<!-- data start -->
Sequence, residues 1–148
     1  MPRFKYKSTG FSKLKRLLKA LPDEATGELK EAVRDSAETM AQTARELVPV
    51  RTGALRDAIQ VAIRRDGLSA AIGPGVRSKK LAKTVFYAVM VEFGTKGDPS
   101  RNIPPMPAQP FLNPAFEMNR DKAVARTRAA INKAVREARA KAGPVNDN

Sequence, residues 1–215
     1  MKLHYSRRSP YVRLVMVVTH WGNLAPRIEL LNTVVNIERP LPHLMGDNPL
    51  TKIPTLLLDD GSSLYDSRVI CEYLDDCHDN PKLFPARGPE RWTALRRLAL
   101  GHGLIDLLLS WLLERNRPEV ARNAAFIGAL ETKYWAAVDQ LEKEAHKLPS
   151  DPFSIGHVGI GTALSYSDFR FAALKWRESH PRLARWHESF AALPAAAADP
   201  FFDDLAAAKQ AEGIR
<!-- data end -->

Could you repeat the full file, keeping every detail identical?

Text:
Sequence, residues 1–148
     1  MPRFKYKSTG FSKLKRLLKA LPDEATGELK EAVRDSAETM AQTARELVPV
    51  RTGALRDAIQ VAIRRDGLSA AIGPGVRSKK LAKTVFYAVM VEFGTKGDPS
   101  RNIPPMPAQP FLNPAFEMNR DKAVARTRAA INKAVREARA KAGPVNDN

Sequence, residues 1–215
     1  MKLHYSRRSP YVRLVMVVTH WGNLAPRIEL LNTVVNIERP LPHLMGDNPL
    51  TKIPTLLLDD GSSLYDSRVI CEYLDDCHDN PKLFPARGPE RWTALRRLAL
   101  GHGLIDLLLS WLLERNRPEV ARNAAFIGAL ETKYWAAVDQ LEKEAHKLPS
   151  DPFSIGHVGI GTALSYSDFR FAALKWRESH PRLARWHESF AALPAAAADP
   201  FFDDLAAAKQ AEGIR